partitioning each network transaction between a server and a client into a plurality of stages of processing;
wherein one or more interfaces correspond to the stages of processing of the network transaction between the client and the server;
configuring the series of plug-in processing modules to correspondingly perform the stages of processing of the network transaction between the server and the client;
wherein at least one interface corresponds to a transformation stage of the stages of processing of the network transaction between the server and the client;
wherein the transformation stage is operable to manipulate a message by manipulating a header of the message, data of the message or both; and
wherein the stages of processing comprise, in addition to the transformation stage: initializing the network transaction; getting a request; logging in and obtaining authorization; generating a response; sending the response; and terminating the network transaction.
14. The method of claim 13, wherein the stages include initializing the transaction, sending an opening statement, getting a request, transforming the request, logging in and obtaining authorization, generating a response, transforming the response, sending the response, and terminating the transaction.
15. The method of claim 13, further comprising providing at least one plug-in processing module corresponding to the at least one interface, wherein the at least one plug-in processing module performs a transformation.
16. The method of claim 15, further comprising receiving a client request, wherein the transformation comprises transformation of the client request.
17. The method of claim 15, further comprising receiving a server response, wherein the transformation comprises transformation of the server response.
18. The method of claim 15, wherein providing the at least one plug-in processing module corresponding to the at least one interface comprises dynamically installing the at least one plug-in processing module.
19. The method of claim 18, wherein dynamically installing the at least one plug-in processing module comprises dynamically de-installing a current plug-in processing module and dynamically installing the at least one plug-in processing module in place of the de-installed plug-in processing module.
20. The method of claim 13, wherein the one or more interfaces include a first interface corresponding to an upstream transformation processing plug-in module and a second interface corresponding to a downstream transformation processing plug-in module.
21. The method of claim 20, further comprising: receiving a client request, wherein the upstream transformation comprises transformation of the client request; and receiving a server response, wherein the downstream transformation comprises transformation of the server response.
22. The method of claim 20, further comprising dynamically installing at least one of the upstream transformation processing plug-in module and the downstream transformation processing plug-in module.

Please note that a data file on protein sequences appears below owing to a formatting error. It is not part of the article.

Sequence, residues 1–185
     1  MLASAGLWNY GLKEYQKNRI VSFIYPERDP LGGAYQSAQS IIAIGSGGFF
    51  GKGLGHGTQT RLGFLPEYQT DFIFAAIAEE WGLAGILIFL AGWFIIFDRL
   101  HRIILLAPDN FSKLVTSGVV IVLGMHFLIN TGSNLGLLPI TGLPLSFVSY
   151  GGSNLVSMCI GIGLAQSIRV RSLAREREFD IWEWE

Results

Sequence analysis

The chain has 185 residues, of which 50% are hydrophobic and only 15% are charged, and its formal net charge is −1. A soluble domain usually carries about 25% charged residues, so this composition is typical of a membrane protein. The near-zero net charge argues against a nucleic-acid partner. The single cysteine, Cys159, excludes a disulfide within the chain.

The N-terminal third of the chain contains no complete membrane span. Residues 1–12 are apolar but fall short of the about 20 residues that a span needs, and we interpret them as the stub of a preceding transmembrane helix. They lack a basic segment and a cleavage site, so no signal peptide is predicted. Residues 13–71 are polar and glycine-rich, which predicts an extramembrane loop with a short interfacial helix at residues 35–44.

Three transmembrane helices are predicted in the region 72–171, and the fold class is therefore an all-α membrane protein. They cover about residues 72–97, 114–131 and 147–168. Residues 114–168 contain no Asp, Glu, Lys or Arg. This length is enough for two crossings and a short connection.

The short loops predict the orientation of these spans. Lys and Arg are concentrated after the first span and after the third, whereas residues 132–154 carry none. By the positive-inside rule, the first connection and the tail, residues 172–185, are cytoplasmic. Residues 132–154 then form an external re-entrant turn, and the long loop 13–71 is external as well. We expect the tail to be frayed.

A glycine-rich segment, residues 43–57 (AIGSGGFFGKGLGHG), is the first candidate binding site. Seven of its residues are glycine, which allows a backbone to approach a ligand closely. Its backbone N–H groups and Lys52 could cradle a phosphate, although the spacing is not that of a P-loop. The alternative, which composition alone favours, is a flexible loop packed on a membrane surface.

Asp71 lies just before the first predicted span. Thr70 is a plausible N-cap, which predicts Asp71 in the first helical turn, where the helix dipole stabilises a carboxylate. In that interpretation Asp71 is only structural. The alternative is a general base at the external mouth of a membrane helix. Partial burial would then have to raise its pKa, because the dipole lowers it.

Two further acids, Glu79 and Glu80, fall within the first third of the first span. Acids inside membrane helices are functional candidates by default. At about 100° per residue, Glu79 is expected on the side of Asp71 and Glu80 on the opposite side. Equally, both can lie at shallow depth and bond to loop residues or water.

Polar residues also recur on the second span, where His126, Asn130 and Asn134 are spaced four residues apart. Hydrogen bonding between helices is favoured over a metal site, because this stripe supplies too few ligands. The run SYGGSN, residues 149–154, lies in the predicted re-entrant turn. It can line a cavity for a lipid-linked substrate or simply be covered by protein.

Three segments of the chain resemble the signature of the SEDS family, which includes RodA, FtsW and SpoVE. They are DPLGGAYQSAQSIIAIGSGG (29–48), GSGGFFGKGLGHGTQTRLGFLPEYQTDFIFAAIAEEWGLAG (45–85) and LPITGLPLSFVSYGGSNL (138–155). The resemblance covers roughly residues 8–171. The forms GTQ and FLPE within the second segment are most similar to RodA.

23. A software program product embodied in a computer-readable medium, comprising program instructions executable to implement:
an application programming interface (API) for a network proxy application;
wherein the API defines a series of interfaces to a series of plug-in processing modules, each interface corresponding to a unique plug-in processing module in the series of plug-in processing modules;
wherein the series of plug-in processing modules are configured to perform stages of processing of a network transaction between a server and a client;
wherein one or more interfaces correspond to the stages of processing of the network transaction between the client and the server;
wherein at least one interface corresponds to a transformation stage of processing of the network transaction between the server and the client;
wherein the transformation stage is operable to manipulate a message by manipulating a header of the message, data of the message or both; and
wherein the stages of processing comprise, in addition to the transformation stage: initializing the network transaction; getting a request; logging in and obtaining authorization; generating a response; sending the response; and terminating the network transaction.
24. A computer system programmed to implement the method according to claim 13.
Description
RELATED APPLICATIONS

This application claims priority to U.S. Provisional Patent Application No. 60/354,949, entitled “A Plug-In API For Protocol And Payload Transformation,” by Jeremy S. de Bonet, filed Feb. 7, 2002 which is hereby fully incorporated by reference herein. Additionally, U.S. Provisional Patent Application No. 60/349,344, entitled “Modular Plug-In Transaction Processing Architecture” by de Bonet et al., filed Jan. 18, 2002 and U.S. Provisional Patent Application No. 60/349,424, entitled “Network Proxy Platform that Simultaneously Supports Data Transformation, Storage, and Manipulation for Multiple Protocols” by de Bonet et al., filed on Jan. 18, 2002, U.S. patent application Ser. No. 10/342,113, entitled “Method and System of Performing Transactions Using Shared Resources and Different Applications,” by de Bonet et al., filed Jan. 14, 2003 is incorporated by reference herein.